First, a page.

Browser rivals confident they can compete with Google

Microsoft sure users will pick IE8; Opera, Mozilla undeterred

Browser makers Microsoft, Mozilla and Opera Software yesterday reacted to news that Google is introducing a browser of its own, saying that they welcome the competition and are not afraid of the search giant's move.

"We're not worried about Google as a competitor," said Jon von Tetzchner, CEO of Norwegian browser developer Opera. "Competition keeps everyone on their toes, and so that's positive."

Microsoft, also alluding to the new competition, sounded confident as well. Although the company declined to make one of its Internet Explorer (IE) team available, it issued a statement attributed to Dean Hachamovitch, IE's general manager. "The browser landscape is highly competitive, but people will choose Internet Explorer 8 for the way it puts the services they want right at their fingertips," said Hachamovitch.

Mozilla's CEO didn't publicly hit the panic button, either.

In a post to his personal blog yesterday, John Lilly acknowledged Google's entry into the browser business, saying he isn't surprised that the search company had made a move. "Their business is the Web, and they've got clear opinions on how things should be," Lilly said.

Later in his post, Lilly expressed confidence in Firefox's continued growth. "Even in a more competitive environment than ever, I'm very optimistic about the future of Mozilla and the future of the open Web," he said. "We've got a truckload of great stuff queued up for Firefox 3.1 and beyond -- things like open video and an amazing next-generation JavaScript engine, to name a couple."

Among the features that Google has touted in the still-in-beta browser, dubbed "Chrome" by the California company, is a new JavaScript interpreter called "V8" that it said came out of its Danish research group.

Other pieces of Chrome, said von Tetzchner, look suspiciously like features first unveiled in Opera. "It looks like they're kind of learning a few things from us," he said, pointing to a multi-page thumbnail display and the Chrome's positioning of tabs at the top of the of the browser's window rather than under the address bar, as rivals do. The first, said von Tetzchner, resembles Opera's Speed Dial feature, while the latter is "something we've been doing for years. So they've taken a few ideas from us. But I would prefer that we innovate and others follow us rather than the other way around."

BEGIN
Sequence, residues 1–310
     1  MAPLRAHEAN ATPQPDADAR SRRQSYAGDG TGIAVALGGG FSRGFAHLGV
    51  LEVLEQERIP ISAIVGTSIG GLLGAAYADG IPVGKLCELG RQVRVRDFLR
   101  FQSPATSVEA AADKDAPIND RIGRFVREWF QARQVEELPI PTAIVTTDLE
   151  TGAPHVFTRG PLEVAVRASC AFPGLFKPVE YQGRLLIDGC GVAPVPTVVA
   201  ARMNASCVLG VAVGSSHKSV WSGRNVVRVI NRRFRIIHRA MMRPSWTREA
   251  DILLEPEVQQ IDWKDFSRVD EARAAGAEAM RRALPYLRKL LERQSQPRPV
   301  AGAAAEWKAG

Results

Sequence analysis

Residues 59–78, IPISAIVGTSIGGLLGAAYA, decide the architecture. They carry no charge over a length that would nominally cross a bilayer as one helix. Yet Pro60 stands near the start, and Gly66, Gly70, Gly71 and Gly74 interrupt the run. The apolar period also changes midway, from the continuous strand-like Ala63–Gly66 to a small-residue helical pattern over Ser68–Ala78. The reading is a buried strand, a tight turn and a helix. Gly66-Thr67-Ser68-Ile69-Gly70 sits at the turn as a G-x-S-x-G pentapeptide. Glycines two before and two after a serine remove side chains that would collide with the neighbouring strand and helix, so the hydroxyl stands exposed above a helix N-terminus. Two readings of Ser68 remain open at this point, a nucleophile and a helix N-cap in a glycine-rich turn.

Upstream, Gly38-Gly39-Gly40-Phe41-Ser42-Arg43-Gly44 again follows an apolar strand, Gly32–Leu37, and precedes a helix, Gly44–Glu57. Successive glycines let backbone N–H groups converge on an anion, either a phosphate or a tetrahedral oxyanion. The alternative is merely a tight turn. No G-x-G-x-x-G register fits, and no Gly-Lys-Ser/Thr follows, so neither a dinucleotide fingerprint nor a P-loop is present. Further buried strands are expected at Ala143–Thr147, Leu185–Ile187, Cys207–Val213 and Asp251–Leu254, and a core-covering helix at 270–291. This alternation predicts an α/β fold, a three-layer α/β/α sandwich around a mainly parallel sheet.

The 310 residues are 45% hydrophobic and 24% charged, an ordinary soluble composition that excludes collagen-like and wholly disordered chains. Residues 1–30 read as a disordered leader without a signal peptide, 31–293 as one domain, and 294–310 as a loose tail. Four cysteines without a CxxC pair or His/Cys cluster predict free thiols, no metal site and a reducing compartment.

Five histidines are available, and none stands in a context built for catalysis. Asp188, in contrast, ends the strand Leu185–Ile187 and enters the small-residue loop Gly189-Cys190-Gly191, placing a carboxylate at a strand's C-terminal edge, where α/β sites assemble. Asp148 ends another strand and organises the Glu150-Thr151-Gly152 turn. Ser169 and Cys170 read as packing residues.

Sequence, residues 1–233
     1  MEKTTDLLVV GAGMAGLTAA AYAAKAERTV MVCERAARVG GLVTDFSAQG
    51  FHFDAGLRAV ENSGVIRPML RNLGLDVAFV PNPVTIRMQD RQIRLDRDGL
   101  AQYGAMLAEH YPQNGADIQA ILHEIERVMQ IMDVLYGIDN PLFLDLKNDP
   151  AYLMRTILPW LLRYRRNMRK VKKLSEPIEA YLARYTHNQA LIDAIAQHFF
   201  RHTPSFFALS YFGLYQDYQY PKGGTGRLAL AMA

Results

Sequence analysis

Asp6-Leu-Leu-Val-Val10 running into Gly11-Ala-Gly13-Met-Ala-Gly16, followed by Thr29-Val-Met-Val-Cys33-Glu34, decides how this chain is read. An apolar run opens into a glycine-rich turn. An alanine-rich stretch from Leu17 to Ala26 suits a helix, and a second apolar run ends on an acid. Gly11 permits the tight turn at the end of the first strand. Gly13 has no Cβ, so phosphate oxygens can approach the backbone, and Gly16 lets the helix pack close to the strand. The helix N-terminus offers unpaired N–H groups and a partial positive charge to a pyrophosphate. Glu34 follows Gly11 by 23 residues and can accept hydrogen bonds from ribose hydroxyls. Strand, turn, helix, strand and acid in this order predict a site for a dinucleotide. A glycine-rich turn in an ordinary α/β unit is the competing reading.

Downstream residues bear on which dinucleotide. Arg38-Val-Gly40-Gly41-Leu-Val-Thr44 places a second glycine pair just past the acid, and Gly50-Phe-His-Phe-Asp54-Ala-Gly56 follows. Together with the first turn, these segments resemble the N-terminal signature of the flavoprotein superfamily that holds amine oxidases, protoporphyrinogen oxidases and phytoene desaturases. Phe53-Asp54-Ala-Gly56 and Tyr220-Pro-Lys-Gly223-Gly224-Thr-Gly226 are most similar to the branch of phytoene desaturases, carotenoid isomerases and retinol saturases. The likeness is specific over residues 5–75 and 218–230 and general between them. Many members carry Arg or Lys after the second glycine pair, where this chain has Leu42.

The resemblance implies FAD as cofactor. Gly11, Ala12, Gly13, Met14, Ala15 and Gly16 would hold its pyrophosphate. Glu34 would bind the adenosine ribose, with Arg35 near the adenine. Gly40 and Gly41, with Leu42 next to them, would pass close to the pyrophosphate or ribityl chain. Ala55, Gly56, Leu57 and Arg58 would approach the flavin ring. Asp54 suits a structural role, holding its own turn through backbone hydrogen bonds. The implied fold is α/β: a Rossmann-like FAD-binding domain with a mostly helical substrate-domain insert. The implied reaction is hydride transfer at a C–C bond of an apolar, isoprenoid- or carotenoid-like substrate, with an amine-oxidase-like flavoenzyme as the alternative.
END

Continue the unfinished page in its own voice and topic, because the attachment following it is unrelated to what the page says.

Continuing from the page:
Lilly struck that chord as well in his reaction to Google's entry. "With IE, Firefox, Safari, Opera, etc., there's been competition for a while now, and this increases that," said Lilly. "So it means that more than ever, we need to build software that people care about and love. Firefox is good now, and will keep on getting better."

Apple Inc., which distributes Mac OS X and Windows versions of its Safari -- which is built atop the same open-source WebKit rendering engine that Google chose for Chrome -- did not respond to a request for comment on Google's push into the browser market.

Google posted a Windows XP and Vista version of Chrome to its Web site. Mac OS X and Linux editions are planned, but the company has not shared ship dates for those betas.

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Gregg Keizer

Computerworld
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